With southeast Nevada rancher Cliven Bundy behind bars as he and his four sons await trial, the Bureau of Land Management announced Friday that it plans to resume work in the Gold Butte region for the first time since an armed standoff near Bundy’s Bunkerville ranch in spring 2014.
The BLM said in a news release Friday that “[w]ith the support of the community, BLM officials have determined that the conditions are now right to resume work. BLM archaeologists, law enforcement officers and local agency leadership have all visited the area over the past month.”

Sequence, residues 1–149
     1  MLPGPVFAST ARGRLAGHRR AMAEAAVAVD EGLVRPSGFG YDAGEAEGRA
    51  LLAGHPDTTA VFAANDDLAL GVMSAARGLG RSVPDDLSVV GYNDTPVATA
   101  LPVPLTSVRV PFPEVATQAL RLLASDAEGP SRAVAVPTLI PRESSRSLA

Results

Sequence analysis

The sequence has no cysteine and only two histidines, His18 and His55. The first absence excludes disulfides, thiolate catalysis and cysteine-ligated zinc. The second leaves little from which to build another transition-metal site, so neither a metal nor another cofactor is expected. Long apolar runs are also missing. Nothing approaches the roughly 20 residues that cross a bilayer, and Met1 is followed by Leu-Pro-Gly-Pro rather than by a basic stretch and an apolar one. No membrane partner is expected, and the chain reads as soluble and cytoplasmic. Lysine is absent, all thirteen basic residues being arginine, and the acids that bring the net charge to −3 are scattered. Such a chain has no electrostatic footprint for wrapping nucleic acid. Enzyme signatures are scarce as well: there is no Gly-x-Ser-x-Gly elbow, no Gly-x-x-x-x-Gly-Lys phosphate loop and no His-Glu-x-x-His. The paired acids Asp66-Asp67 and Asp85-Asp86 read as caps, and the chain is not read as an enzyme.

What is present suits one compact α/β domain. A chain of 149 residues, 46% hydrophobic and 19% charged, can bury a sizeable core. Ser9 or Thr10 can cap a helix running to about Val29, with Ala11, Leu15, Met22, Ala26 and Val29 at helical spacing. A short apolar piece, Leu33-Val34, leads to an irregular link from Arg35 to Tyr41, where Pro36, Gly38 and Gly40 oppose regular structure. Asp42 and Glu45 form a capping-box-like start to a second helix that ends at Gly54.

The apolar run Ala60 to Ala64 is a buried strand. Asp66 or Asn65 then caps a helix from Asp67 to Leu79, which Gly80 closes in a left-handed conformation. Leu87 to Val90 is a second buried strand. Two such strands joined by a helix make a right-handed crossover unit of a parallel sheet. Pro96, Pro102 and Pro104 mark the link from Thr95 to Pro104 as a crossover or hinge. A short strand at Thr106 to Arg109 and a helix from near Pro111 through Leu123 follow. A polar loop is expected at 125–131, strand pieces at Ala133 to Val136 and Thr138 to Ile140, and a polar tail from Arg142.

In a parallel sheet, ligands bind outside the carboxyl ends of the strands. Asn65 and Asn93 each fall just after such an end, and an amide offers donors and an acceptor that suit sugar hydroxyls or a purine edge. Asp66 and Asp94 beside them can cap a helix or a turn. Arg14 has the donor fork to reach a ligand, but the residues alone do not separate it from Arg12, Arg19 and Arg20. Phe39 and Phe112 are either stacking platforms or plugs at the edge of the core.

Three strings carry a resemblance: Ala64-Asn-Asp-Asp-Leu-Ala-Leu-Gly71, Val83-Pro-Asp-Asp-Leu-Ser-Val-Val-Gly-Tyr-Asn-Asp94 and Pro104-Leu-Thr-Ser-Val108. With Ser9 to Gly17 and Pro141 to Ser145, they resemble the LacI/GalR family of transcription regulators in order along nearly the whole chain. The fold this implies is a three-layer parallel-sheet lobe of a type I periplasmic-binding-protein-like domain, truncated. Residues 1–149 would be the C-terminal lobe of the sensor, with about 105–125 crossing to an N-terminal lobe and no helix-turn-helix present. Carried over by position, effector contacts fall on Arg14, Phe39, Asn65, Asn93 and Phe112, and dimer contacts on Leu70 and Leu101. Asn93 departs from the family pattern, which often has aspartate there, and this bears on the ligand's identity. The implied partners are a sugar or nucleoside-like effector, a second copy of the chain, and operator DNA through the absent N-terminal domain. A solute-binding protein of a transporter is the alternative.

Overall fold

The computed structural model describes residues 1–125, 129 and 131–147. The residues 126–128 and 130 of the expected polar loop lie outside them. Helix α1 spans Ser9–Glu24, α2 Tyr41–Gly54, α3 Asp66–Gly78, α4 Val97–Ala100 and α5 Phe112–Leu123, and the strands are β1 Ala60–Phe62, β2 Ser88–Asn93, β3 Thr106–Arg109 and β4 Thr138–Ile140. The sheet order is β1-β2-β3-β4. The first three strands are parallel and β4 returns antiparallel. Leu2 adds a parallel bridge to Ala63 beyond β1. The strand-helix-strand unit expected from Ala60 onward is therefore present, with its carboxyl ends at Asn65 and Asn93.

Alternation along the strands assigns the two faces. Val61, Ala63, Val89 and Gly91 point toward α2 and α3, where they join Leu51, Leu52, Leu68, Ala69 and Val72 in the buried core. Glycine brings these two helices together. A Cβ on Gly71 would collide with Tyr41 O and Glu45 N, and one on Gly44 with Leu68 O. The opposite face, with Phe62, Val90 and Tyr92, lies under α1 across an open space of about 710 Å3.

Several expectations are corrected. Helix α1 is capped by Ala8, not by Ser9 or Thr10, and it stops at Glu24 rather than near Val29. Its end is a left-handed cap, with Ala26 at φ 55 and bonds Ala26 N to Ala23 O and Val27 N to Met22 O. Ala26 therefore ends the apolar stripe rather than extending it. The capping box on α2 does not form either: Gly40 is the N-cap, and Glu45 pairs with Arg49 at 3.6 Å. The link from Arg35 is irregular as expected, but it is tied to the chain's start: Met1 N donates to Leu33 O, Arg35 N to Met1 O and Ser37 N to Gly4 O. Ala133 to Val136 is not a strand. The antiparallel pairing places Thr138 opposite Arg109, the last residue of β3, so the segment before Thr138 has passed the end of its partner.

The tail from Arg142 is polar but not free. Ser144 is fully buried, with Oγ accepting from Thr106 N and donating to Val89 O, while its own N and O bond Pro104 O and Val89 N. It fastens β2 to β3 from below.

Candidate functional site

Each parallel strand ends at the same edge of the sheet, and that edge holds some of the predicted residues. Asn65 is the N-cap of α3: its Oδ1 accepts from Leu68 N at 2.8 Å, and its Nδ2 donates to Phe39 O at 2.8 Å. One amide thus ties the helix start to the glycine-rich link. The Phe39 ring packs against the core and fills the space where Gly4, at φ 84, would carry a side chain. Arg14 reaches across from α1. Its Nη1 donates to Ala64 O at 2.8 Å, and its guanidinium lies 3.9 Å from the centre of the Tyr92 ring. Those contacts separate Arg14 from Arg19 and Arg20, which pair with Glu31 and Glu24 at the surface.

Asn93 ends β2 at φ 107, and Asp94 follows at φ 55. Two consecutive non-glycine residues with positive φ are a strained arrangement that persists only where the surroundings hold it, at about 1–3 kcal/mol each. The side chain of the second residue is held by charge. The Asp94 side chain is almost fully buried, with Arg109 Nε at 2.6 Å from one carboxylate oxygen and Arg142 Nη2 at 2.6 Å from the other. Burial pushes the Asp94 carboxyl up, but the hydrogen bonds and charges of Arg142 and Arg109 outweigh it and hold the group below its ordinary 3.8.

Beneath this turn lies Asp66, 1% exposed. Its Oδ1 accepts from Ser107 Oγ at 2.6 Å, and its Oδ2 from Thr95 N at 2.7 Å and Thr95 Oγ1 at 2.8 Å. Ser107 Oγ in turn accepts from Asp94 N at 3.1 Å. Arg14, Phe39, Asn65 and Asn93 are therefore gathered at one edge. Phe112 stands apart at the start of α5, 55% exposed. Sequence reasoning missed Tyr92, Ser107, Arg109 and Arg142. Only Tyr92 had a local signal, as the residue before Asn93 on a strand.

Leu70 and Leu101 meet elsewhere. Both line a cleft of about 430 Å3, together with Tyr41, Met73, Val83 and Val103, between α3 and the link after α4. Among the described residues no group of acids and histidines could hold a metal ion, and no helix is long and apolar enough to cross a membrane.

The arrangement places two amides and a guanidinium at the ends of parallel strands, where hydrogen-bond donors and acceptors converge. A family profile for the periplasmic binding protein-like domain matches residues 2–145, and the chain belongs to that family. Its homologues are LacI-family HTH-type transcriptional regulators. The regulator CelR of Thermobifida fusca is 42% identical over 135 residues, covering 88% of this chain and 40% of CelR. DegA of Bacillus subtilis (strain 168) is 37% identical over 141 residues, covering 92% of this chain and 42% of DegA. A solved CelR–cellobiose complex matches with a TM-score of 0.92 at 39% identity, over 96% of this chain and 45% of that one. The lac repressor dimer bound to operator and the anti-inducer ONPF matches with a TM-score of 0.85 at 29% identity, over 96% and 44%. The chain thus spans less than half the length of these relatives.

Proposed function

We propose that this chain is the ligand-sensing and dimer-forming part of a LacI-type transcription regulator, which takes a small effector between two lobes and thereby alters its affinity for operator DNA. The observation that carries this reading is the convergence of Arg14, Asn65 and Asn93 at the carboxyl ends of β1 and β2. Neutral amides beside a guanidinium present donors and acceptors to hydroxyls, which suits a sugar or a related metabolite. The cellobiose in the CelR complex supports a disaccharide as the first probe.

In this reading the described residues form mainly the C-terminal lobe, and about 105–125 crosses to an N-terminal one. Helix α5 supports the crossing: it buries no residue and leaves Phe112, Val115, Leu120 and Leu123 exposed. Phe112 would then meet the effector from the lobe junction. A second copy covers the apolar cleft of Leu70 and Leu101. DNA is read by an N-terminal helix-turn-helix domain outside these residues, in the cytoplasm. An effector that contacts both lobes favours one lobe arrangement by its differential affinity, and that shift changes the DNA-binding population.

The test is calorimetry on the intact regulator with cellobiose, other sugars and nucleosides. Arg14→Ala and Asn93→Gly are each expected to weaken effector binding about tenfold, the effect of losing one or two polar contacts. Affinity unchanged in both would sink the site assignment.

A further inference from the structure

The release says BLM Director Neil Kornze was among a group that visited the popular Whitney Pockets area — on the eastern edge of Gold Butte next to Virgin Mountain — where some of Gold Butte’s distinctive red sandstone formations had been vandalized and a felled Joshua tree had caught the attention of Nevada Sen. Harry Reid, who shared a photo on the Senate floor. The group saw evidence of overgrazing and trampling by cattle, the release said.
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